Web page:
don’t mess with me….

This is a male wool carder bee, Anthidium manicatum, looking every inch the urban tough guy. I spotted them last year in the garden, hanging around a patch of stachys lanata, the silvery grey Lamb’s ears, like teenagers on a night out in a country town.

I was lucky enough to see this one today,  sitting on a paving slab, trying to warm up a bit. It is cool here, very cool for June, but the slab had been in the sun for a few minutes and must have been warmer than the surroundings.

Wool carder bees are one of the feisty members of the solitary bee clan. Not to people you understand,  but it will vigorously establish and defend a territory against other insects. It will set about and knock to the ground any other bees or hoverflies, and even crush them with the three spikes on its tail if they stray into the Carder’s territory. There is a very readable, interesting and illustrated account of the behaviour of wool carder bees here.

I am just hoping a female turns up for him and even better, she nests in the bee hotel. Although any Carders will have to get a move on now the Leacutters are just starting to get busy. Spaces in the Spideracres  hotels will be at a premium this year!

You can readily recognise them by their strong, rapid flight and feisty behaviour, and those distinctive yellow spots on the abdomen, especially if you have Lamb’s ears in your garden.

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10 thoughts on “don’t mess with me….

  1. I’ll have to look out for them – I suspect something other than Mullein moth caterpillars is having a go at the giant Verbascum leaves.

    I still feel guilty that I moved an Agave from a small pot to the centre of a large planter and a shower of perfect ovals of fresh rose leaves fluttered all around – Leafcutter bee nests! I do hope they’ve used other pots in my greenhouse – I not disturbing any more just in case.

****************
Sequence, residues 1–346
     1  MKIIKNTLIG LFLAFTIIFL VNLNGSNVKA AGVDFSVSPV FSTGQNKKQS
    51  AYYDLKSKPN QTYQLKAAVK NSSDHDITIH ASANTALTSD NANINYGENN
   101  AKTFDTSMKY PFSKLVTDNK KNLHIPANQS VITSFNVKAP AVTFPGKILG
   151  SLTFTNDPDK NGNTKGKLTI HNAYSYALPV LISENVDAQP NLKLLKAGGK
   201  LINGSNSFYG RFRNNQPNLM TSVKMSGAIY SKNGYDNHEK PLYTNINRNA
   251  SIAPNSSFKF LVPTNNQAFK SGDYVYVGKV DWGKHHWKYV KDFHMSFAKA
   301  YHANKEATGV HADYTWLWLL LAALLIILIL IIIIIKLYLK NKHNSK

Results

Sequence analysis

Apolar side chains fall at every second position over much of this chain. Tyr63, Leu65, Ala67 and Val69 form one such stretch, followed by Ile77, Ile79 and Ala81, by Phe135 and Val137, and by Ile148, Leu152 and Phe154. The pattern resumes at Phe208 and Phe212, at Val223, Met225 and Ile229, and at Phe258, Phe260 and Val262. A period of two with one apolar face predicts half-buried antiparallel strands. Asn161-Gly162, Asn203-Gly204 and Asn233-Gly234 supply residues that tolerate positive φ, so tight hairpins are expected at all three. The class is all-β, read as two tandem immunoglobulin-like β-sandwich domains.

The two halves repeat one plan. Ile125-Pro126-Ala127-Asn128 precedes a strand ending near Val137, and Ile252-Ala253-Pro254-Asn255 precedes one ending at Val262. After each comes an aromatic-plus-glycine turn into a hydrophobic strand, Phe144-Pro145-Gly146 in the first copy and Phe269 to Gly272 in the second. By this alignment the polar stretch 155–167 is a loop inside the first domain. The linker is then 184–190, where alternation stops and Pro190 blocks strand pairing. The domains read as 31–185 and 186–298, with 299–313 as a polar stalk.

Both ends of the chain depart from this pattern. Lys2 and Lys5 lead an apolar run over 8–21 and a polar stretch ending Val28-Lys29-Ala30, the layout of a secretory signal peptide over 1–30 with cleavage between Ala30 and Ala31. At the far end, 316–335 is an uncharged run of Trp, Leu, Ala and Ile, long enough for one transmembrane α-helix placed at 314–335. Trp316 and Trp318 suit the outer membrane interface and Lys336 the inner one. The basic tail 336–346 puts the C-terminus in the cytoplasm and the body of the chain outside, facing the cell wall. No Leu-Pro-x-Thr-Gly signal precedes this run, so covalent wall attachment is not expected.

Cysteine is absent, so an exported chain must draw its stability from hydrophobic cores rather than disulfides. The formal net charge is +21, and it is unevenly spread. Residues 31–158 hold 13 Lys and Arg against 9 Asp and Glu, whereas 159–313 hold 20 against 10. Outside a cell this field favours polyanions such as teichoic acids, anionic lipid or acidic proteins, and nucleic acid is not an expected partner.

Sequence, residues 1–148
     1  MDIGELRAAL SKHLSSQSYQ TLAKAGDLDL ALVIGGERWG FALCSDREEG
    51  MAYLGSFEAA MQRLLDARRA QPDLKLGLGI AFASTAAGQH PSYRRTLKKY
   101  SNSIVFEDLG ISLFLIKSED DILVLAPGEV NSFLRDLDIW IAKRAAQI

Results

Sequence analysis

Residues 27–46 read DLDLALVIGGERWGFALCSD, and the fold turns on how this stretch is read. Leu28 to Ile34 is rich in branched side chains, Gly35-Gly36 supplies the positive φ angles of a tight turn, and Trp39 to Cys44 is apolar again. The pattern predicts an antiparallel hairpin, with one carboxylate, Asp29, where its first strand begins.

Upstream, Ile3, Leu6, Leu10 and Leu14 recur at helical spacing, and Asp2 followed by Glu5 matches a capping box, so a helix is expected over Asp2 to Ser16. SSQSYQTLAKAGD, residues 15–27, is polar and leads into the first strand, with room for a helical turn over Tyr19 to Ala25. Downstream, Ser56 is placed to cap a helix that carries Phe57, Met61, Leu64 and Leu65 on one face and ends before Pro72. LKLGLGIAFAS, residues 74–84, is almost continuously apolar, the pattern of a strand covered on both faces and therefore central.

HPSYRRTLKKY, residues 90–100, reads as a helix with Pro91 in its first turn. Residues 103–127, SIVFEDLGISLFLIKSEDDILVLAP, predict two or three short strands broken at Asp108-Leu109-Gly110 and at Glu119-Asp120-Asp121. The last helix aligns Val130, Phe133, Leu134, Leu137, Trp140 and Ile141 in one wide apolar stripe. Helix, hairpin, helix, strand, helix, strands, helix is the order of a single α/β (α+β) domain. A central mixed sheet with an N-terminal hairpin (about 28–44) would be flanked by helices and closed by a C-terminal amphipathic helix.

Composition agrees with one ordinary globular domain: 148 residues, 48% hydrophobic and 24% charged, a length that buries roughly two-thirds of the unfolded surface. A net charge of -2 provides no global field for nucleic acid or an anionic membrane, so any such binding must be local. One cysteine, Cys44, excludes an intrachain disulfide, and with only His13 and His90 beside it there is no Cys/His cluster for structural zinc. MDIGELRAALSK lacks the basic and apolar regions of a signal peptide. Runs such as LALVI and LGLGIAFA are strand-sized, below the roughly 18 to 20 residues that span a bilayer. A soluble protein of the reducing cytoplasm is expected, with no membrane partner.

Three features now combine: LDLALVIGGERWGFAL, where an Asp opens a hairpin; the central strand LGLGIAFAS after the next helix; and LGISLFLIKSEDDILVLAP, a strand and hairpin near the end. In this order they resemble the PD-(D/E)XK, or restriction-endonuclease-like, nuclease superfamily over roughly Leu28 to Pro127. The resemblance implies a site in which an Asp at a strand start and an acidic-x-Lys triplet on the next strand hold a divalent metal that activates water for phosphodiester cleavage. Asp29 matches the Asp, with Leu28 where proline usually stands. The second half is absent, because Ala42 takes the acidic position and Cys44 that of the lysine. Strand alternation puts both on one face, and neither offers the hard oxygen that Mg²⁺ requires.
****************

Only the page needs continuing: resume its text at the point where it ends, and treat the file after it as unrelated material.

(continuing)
Celia

  2. your illustrations of different types of bees are really useful – I am just starting to differentiate them from all being ‘bumble bees’. More please!

      1. Hi Michele-I can answer the first part of your question fairly easily. A bumblebee, like a honey bee, is a social insect with a social structure of Queen,male and workers occupying a nest, the workers being the daughters of the Queen. The colonies are much smaller than honeybees-usually between 40 and 150. Solitary bees, are just that=single females and males that behave in a rather bird-like way, with the female making a nest and laying eggs and the males having little to do with the process beyond fertilising the eggs, although they too will sometimes establish a territory, like the Wool carder bee. In this country there are 25 species of bumblebees but over 200 species of solitary bees. All are important pollinators of flowers and crops and thus can be considered “good” bugs in the garden.
        I guess the simple answer to the second part of your question is a creature that does little damage. My feeling is if you encourage them all, they eventually sort the balance out!

  3. Snap! I’ve started seeing Wool-carder bees for the first time in my garden this year (and am about to do a blog post about them). Saw the males last week and this week the females are carding the tomentum from the Stachys plants to use in their nest. Not sure my bee hotel will be big enough for their nest though.. as from what I’ve seen they need a lot of room http://bugguide.net/node/view/421613 and http://www.wildbienen.info/Profile/anthidium_manicatum.php I hear you know my friend Val! What a small world! Jane

    1. Hi Jane and welcome! I haven’t been lucky enough to see a female yet but let’s face it, it’s not been a great week for bee spotting. Thanks for the links-all information gratefully received. Yes, I know Val a little-what a talented lady! And indeed it does seem like a small world.

    1. Unfortunately we are both still waiting for a female Laura. I suspect the local bee lasses are tucked up out of the rain and wind!. I am glad you are enjoying the posts-I have been decorating this week so not much to report!

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